Eli Bradley is our oldest son, he just happens to live in Heaven.
After several years of infertility, we were finally pregnant and we told the world! We had a fairly uneventful pregnancy for the first 20 weeks and looked forward to the ultrasound so that we could satiate our curiosity about the sex of our baby. We hoped that knowing that would take away the nagging feeling, or doubt that we’d really be bringing a baby home.
That day in April was one we will never forget. An adverse ultrasound at our doctors’ office sent us to Minnesota Perinatal Physicians at Abbott Northwestern Hospital. There, we had a Level 2 ultrasound. They told us that our little boy (my husband discovered that he was a boy on our first ultrasound!) had choriod plexus cysts in his brain, a cleft lip and probably a cleft palate, a diaphragmatic hernia which allowed his stomach to migrate into his chest cavity pushing his heart to the right side of his chest, a severe heart defect, an omphalocele (his liver and gallbladder were encased in a membrane bound sac outside of his abdomen), and clenched fists. These things, seen together, are markers for Trisomy 18. The doctor told us that even if our son’s chromosomes were normal, this constellation of anomalies would be hard to survive. After telling us the statistics of survival in babies with Trisomy 18, he took a deep breath and began to tell us that we had a “legal option.” We stopped him and told him that we would carry our baby. He then told us about a plan of care called Perinatal Hospice.
Perinatal Hospice is not a place, it’s a method of care. Pioneered by Dr. Byron Calhoun at Madigan Army Medical Center, it seeks to support the decision of the family to carry the pregnancy to its natural conclusion, providing obstetric care for the mom and supporting but not intervening in the life of the baby. We knew that this was the right fit for us.
We left the office in tears, but somehow realizing that we had known all along. We loved our son and made a decision to cherish and enjoy all the remaining moments we had with him. The doctors suspected that it would be weeks, rather than months, and that he would likely die of heart failure in utero. So, after telling our family, we set about enjoying and celebrating Eli’s life. Yes, we did cry, but as the days turned into weeks the tears turned into laughter as we felt him tumble in my belly. Subsequent ultrasounds showed us a baby who was doing well inside his mommy! He was growing and apparently gaining weight. We met with a care coordinator at the hospital and made a detailed birth plan that provided comfort care for Eli. On September 6, 2002, on his due date, Eli Bradley made his way into the world. He weighed 5 lbs., 6 oz.! He lived in our arms for 29 minutes, as we hugged him, kissed him, sang to him and then told him it was ok to go be with Jesus. After his heart stopped, his dad gave him a bath and we dressed him so our family could meet him. Everyone took turns holding him and we took hundreds of wonderful pictures.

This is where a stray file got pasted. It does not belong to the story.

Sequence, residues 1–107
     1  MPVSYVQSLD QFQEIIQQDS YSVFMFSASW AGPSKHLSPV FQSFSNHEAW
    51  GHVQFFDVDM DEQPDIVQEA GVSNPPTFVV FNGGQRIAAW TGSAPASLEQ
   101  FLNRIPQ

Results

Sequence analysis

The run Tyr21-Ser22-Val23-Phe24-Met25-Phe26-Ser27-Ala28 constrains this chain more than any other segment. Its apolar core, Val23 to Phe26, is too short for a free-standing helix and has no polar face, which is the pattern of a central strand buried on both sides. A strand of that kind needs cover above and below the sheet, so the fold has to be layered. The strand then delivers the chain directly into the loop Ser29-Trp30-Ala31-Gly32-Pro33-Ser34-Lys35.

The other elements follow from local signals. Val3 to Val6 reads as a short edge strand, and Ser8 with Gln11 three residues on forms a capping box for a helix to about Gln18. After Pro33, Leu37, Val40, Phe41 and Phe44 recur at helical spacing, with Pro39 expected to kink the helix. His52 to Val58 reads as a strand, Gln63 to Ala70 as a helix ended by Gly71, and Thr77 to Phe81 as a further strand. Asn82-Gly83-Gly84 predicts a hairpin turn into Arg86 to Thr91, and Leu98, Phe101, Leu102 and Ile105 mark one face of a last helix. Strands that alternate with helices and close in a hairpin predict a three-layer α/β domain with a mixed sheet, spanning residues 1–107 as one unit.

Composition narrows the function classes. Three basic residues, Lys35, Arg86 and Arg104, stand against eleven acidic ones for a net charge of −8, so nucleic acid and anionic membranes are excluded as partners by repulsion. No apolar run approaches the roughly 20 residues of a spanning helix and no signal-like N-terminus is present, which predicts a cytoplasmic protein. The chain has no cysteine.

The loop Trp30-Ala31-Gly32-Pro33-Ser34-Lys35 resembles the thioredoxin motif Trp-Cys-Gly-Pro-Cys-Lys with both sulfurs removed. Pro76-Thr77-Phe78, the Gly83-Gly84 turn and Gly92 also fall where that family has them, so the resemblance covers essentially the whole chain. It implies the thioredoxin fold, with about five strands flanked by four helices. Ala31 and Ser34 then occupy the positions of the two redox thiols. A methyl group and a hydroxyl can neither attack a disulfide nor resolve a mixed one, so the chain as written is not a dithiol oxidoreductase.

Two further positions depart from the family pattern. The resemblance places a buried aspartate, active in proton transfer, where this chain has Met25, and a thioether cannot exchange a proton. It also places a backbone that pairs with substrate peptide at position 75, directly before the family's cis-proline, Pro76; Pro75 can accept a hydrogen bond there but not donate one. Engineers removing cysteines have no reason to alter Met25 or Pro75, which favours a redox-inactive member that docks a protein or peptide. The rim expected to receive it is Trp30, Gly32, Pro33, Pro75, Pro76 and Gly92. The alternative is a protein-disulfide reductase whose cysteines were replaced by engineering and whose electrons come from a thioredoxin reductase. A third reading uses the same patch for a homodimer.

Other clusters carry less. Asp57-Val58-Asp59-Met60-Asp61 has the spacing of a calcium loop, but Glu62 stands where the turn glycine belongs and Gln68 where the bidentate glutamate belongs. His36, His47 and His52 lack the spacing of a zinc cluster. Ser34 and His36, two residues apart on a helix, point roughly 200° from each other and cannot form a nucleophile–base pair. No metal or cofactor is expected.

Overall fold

As we carried Eli, many people asked why we would choose this path. One man asked me why I would bother bonding with a baby who would die anyway. The way we saw it, it was not up to us to choose the number of his days. We were entrusted with his life and we felt so privileged to have this very special boy. Was it painful? Yes, absolutely. Would we do it again? Yes, absolutely. There is nothing we were more proud of than our son and the bittersweet moments were more sweet than sad. He showed us so much about joy, and about love. Thank you, Eli, for visiting us for awhile.
Back to Trisomy 18 Stories
-The support, information and encouragement provided by the PPFL parents is not meant to take the place of medical advice by a medical professional. Any specific questions about care should be directed to a health care professional familiar with the situation.